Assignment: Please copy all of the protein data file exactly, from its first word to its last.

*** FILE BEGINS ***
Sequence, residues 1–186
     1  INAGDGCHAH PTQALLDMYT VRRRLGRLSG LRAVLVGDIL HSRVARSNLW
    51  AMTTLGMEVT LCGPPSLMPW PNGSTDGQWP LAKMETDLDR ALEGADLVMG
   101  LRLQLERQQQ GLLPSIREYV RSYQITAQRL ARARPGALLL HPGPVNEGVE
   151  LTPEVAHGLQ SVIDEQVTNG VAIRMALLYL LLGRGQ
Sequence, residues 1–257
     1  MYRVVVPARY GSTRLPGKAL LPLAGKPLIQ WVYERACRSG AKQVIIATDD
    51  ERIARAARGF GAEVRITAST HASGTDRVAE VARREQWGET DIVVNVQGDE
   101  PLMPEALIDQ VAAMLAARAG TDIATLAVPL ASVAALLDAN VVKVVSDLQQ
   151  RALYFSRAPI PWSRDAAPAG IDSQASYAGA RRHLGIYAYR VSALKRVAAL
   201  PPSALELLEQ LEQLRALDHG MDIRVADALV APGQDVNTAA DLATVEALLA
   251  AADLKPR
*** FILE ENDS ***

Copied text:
Sequence, residues 1–186
     1  INAGDGCHAH PTQALLDMYT VRRRLGRLSG LRAVLVGDIL HSRVARSNLW
    51  AMTTLGMEVT LCGPPSLMPW PNGSTDGQWP LAKMETDLDR ALEGADLVMG
   101  LRLQLERQQQ GLLPSIREYV RSYQITAQRL ARARPGALLL HPGPVNEGVE
   151  LTPEVAHGLQ SVIDEQVTNG VAIRMALLYL LLGRGQ
Sequence, residues 1–257
     1  MYRVVVPARY GSTRLPGKAL LPLAGKPLIQ WVYERACRSG AKQVIIATDD
    51  ERIARAARGF GAEVRITAST HASGTDRVAE VARREQWGET DIVVNVQGDE
   101  PLMPEALIDQ VAAMLAARAG TDIATLAVPL ASVAALLDAN VVKVVSDLQQ
   151  RALYFSRAPI PWSRDAAPAG IDSQASYAGA RRHLGIYAYR VSALKRVAAL
   201  PPSALELLEQ LEQLRALDHG MDIRVADALV APGQDVNTAA DLATVEALLA
   251  AADLKPR